Losing court battles. A federal judge in Tulsa declared Oklahoma’s ban on same-sex marriage unconstitutional Tuesday, the second such ruling in the last month. But unlike courts that struck down Utah’s traditional marriage law, Senior U.S. District Judge Terrence C. Kern postponed his ruling from taking effect as the case goes through the appeals process. Oklahoma voters overwhelmingly approved the ban in 2004, but Kern said the motivation behind the law didn’t pass legal muster: “Moral disapproval of homosexuals as a class, or same-sex marriage as a practice, is not a permissible justification.” Because Oklahoma and Utah are in the same federal circuit—the 10th U.S. Circuit Court of Appeals—the cases could be combined to face their uncertain future. Although they agreed to fast track Utah’s case, the appeals court judges declined to stop same-sex ceremonies until the legal question could be settled. That might suggest the 10th Circuit favors the plaintiffs’ arguments. But the cases are certain to end up before the U.S. Supreme Court, whose justices unanimously granted Utah’s request to reinstate its same-sex marriage ban, at least temporarily.
Benghazi blame. The Senate Intelligence Committee’s report on the Sept. 11, 2012, attack on the U.S. Mission in Benghazi declared the tragedy “preventable” and accused the Obama administration of failing to respond to “ample” warnings about deteriorating security. The report said the intelligence community had enough information to warrant extra protection requested for U.S. personnel, pleas the State Department declined. Four Americans, including Ambassador Chris Stevens, died during the attack. Although Committee Chairwoman Dianne Feinstein, D-Calif., said she hopes the report put “conspiracy theories” about what happened to rest, the findings do contradict administration claims about the attack. The report specifically blasts initial claims the attack began as an impromptu protest over an anti-Muslim YouTube video. But rather than blaming administration officials for perpetuating that narrative, the report cited intelligence officials for not correcting the information quickly enough.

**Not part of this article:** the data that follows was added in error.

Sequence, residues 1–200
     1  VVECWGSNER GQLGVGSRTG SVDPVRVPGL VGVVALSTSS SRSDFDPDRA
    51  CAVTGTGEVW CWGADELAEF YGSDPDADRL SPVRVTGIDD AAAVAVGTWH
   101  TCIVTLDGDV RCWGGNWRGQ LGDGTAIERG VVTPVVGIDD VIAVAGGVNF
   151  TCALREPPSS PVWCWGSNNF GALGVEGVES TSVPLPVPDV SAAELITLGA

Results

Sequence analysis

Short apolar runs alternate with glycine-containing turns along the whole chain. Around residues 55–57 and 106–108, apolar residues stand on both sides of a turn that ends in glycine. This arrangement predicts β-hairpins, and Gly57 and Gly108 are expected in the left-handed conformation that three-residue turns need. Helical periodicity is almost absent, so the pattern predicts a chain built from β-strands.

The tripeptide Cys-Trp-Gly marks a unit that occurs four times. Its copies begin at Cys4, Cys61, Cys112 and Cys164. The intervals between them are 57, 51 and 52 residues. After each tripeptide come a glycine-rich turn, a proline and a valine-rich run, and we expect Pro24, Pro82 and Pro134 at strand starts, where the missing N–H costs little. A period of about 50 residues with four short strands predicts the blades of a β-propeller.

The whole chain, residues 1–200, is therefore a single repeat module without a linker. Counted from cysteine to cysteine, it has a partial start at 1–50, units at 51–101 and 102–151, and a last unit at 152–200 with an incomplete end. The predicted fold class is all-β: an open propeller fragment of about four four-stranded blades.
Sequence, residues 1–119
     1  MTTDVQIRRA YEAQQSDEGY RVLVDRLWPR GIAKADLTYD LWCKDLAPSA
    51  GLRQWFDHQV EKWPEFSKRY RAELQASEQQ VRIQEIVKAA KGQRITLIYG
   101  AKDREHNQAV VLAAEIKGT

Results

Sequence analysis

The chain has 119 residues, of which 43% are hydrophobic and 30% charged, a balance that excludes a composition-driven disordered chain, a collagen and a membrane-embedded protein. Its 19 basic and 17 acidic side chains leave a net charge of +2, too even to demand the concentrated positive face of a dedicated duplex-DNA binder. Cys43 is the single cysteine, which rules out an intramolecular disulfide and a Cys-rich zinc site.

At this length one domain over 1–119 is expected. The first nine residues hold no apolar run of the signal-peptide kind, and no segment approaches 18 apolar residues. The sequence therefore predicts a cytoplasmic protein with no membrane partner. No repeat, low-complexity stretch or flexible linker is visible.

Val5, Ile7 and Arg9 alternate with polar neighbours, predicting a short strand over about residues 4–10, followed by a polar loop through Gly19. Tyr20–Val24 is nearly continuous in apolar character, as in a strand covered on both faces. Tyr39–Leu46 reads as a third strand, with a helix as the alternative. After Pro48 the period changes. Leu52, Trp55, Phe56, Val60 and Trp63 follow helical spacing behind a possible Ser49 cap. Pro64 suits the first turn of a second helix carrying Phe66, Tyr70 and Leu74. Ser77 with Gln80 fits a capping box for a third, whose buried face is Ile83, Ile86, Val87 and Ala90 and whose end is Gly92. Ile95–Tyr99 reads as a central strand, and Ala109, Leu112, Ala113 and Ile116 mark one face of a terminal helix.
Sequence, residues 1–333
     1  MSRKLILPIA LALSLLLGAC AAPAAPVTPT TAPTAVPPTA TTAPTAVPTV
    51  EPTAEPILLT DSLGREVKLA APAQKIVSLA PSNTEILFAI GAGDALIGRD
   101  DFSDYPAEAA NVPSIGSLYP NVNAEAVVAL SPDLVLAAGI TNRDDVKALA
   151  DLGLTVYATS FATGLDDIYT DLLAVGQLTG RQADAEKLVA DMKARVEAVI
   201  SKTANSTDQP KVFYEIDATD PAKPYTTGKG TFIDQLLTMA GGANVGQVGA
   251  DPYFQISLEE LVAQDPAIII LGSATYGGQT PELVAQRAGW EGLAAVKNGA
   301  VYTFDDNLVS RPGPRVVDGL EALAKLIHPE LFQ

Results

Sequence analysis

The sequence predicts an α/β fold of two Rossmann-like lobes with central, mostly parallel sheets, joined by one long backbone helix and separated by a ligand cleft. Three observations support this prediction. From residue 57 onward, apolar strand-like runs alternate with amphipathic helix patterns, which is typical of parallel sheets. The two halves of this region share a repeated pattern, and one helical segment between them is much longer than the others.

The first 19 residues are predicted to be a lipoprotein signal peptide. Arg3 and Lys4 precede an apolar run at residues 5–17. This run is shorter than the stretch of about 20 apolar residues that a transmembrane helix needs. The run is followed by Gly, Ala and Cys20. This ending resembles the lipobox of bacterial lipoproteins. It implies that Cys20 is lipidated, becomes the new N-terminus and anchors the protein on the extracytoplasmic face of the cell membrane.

School shooting. New Mexico officials have named the student allegedly responsible for Tuesday’s shooting at a Roswell middle school and said the 12-year-old boy might have warned some of his classmates to stay home from school that day. Seventh-grader Mason Campbell brought a sawed-off, 20-gauge shotgun to the school in a band instrument case and opened fire in a gym full of students. An 11-year-old boy and a 13-year-old girl were injured. The boy, who has not been named, has undergone two surgeries and remains in critical condition at a hospital in Lubbock, Texas. Although he has not yet been charged with anything, Campbell already has an attorney. Robert Gorence, who announced yesterday he is representing the suspect, said the boy’s family intended to release a statement today. After an initial hearing Tuesday afternoon, Campbell was transferred to a psychiatric hospital in Albuquerque, N.M.
‘Splash landing.’ Five years ago today, Capt. Chesley “Sully” Sullenberger III and First Officer Jeff Skiles landed US Airways Flight 1549 in New York’s Hudson River after geese took out both of the plane’s engines. In what has been dubbed the “Miracle on the Hudson,” rescue crews plucked all 155 passengers and crew members out of the icy water alive. Sullenberger, Skiles, and several passengers plan to meet at the accident site today to commemorate the event.